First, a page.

Aboriginal Media

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Aboriginal Education and Native Studies Resources from David Spencer's Education Paragon

  • Connect with Aboriginal elders and educators and join the First Nations, Métis & Inuit Education Association of Ontario formerly the Native Education Association of Ontario Circle (NEAO Circle) and previously The Aboriginal and Environmental Education Circle (AEE Circle). The NEAO Circle was a professional learning and sharing network of educators, teachers, college instructors, university professors, Aboriginal elders and leaders. Through e-mail, they shared First Nation, Metis and Inuit and native studies resources, curriculum and teaching strategies that will help Canadian teachers integrate school curriculum with current cultural, environmental and historical contributions of our Canadian First Nations, Inuit and Metis brothers and sisters.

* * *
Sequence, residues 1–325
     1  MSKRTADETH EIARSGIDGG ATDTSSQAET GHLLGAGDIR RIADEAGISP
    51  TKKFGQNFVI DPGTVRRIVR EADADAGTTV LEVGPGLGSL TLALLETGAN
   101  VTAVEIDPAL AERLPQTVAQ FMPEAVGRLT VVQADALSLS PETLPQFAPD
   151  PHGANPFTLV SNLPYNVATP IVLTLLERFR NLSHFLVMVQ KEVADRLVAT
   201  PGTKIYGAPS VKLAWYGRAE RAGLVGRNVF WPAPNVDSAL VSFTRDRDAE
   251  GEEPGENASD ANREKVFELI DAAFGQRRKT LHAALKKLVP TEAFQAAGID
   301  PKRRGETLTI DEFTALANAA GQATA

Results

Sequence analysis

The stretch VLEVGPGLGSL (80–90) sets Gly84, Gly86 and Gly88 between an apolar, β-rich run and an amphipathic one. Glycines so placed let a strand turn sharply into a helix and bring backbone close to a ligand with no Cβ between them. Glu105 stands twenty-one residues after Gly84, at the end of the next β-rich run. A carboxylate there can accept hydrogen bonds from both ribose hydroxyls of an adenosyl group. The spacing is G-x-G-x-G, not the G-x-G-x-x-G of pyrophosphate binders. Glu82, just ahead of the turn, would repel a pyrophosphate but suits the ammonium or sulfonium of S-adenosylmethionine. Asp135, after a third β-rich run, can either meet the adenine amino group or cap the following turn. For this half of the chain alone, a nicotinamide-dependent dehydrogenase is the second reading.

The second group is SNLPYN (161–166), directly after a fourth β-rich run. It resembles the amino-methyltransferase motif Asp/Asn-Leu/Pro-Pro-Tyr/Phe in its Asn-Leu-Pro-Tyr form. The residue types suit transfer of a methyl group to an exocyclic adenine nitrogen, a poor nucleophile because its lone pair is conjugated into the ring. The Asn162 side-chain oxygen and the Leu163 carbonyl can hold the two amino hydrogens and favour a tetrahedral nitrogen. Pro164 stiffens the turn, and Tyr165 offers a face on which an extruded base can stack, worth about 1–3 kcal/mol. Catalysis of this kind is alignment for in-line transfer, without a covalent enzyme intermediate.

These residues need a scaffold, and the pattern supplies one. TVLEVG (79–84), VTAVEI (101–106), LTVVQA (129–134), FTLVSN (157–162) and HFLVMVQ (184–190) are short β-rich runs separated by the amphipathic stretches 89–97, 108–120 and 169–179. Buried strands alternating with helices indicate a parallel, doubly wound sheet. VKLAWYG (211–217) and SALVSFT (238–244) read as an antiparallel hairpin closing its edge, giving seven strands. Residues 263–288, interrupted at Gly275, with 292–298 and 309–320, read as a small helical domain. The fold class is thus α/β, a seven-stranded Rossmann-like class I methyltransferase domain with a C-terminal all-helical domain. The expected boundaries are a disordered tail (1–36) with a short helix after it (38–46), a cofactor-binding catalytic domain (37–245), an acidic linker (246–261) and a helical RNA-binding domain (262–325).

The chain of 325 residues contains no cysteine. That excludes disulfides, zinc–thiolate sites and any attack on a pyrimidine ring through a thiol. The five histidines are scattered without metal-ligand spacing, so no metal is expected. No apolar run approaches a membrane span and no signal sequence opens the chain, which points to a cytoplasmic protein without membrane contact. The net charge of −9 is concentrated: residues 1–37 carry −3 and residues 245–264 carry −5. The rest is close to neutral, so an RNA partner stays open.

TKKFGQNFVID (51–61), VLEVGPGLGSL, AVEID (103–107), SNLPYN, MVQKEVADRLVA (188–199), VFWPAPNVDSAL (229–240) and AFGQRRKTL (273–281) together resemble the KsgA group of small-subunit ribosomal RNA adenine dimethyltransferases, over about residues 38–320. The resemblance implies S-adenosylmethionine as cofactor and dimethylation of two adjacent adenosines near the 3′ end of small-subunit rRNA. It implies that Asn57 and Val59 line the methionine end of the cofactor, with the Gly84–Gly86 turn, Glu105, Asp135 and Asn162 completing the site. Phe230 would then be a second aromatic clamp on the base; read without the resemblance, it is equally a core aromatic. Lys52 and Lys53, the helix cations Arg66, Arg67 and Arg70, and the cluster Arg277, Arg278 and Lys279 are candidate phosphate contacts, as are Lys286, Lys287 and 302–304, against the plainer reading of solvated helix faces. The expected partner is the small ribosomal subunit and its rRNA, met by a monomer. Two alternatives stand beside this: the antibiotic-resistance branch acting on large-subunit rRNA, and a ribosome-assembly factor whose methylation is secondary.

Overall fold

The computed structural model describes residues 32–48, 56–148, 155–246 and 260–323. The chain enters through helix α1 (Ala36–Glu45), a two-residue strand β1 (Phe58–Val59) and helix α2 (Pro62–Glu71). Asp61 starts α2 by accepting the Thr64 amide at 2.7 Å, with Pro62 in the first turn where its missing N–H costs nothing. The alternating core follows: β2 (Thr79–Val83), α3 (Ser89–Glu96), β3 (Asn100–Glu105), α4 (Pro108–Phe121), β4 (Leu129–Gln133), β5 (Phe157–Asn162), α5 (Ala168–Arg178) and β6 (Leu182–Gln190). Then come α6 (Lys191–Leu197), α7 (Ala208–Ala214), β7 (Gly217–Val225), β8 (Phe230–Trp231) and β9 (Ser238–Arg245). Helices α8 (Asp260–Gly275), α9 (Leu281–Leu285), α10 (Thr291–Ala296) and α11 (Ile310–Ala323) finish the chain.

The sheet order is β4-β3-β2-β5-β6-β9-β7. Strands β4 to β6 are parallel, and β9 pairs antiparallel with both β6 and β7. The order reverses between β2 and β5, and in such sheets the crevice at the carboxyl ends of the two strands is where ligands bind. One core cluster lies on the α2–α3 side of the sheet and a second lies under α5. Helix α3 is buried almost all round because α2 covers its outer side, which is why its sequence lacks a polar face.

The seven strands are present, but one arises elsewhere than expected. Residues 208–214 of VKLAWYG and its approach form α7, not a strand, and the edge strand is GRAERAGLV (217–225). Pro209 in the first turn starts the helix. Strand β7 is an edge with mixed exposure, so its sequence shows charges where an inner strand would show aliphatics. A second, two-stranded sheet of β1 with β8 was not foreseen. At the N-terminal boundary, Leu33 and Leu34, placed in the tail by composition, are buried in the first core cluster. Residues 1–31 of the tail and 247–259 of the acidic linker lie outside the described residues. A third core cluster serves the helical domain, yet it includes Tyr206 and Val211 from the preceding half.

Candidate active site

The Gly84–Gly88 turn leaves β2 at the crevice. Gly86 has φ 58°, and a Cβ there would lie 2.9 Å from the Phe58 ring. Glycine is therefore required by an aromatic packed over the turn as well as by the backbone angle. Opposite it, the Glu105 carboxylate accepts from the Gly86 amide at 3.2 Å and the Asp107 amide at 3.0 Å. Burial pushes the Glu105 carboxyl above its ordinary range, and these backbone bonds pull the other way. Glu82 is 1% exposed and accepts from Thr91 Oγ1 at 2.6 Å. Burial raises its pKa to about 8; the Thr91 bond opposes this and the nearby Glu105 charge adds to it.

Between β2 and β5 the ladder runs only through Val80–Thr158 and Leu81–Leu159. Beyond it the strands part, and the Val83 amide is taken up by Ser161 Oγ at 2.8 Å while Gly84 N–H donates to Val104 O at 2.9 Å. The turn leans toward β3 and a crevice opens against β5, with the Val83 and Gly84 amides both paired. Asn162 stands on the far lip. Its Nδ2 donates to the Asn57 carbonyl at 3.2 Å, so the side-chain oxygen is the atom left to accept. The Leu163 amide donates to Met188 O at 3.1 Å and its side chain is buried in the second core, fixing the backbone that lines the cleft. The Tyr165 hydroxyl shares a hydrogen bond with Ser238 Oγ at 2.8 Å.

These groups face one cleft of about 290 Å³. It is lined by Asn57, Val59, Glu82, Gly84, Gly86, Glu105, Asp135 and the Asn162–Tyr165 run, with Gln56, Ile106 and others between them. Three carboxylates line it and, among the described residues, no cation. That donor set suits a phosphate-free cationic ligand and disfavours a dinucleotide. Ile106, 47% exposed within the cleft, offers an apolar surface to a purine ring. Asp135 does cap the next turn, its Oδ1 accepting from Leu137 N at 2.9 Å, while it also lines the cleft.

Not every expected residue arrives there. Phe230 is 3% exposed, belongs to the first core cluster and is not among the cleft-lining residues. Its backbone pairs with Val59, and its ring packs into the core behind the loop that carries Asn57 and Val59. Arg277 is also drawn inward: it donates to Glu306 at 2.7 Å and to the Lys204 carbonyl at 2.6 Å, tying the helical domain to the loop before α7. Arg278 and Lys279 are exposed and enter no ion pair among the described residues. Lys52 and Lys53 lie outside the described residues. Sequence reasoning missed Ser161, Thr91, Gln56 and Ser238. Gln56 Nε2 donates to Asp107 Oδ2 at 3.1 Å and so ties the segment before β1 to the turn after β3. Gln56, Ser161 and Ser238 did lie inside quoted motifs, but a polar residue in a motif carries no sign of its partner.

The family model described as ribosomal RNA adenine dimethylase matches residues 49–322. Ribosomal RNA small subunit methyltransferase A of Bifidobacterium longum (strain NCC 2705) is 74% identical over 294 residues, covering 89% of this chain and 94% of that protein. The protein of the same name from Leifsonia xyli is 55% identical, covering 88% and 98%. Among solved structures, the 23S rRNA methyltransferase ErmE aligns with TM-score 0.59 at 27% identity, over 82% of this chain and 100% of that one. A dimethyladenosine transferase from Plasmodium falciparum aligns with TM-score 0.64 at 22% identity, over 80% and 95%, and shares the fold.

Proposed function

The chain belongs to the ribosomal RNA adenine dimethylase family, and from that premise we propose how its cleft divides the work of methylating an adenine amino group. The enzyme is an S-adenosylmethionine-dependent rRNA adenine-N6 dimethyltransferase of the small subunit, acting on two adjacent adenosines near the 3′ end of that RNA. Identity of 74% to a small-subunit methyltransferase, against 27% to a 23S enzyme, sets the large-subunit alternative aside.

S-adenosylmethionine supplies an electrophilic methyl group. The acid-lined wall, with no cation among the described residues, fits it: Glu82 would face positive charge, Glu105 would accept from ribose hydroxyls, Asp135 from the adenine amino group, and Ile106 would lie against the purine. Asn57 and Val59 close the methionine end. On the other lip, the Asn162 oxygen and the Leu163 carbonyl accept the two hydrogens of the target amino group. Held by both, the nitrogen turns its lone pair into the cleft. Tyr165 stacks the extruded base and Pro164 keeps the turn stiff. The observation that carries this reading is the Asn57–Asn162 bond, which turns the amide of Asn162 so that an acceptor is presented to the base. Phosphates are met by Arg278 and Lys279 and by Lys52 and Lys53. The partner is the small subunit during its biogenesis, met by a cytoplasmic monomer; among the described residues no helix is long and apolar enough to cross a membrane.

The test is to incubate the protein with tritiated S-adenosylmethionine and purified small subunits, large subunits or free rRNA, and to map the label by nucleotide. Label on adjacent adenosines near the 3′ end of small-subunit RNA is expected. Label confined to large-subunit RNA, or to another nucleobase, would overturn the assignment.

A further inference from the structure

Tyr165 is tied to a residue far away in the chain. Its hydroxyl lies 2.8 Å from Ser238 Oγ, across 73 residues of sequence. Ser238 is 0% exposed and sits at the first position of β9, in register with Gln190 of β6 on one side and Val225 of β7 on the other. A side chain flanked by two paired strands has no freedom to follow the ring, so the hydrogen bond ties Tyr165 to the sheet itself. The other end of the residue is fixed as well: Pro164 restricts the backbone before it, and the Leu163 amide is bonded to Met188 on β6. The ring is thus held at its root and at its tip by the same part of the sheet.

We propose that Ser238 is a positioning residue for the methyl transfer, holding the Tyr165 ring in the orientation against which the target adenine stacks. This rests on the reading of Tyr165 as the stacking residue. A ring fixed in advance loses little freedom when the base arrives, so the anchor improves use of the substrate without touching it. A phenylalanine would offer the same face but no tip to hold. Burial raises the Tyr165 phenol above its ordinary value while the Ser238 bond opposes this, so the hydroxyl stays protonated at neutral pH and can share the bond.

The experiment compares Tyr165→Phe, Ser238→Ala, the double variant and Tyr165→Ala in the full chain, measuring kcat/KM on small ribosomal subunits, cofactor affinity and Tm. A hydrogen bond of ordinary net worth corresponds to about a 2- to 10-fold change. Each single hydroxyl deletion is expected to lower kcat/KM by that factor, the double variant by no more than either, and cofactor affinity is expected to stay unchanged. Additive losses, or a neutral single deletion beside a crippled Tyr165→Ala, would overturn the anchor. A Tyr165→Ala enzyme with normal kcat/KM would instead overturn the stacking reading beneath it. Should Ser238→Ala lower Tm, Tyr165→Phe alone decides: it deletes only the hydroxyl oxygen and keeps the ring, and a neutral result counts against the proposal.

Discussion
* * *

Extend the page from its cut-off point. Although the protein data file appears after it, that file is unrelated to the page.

• Join the First Nations, Métis & Inuit Education Association of Ontario on Facebook.
  • See photos and read about past gatherings of The Aboriginal and Environmental Education Circle (AEE Circle).
  • Join the First Nation, Metis & Inuit Education Association of Ontario (FNMIEAO) the Ontario Ministry of Education recognized provincial subject association for teachers and educators of First Nation, Metis & Inuit Studies and Native Languages. From 2011 to May 2014, this subject association was previously called the Native Education Association of Ontario (NEAO). Special thanks to Marg Boyle for her three years of leadership, encouragement and support.
  • The shortcut to this page is http://aboriginal.davidspencer.ca.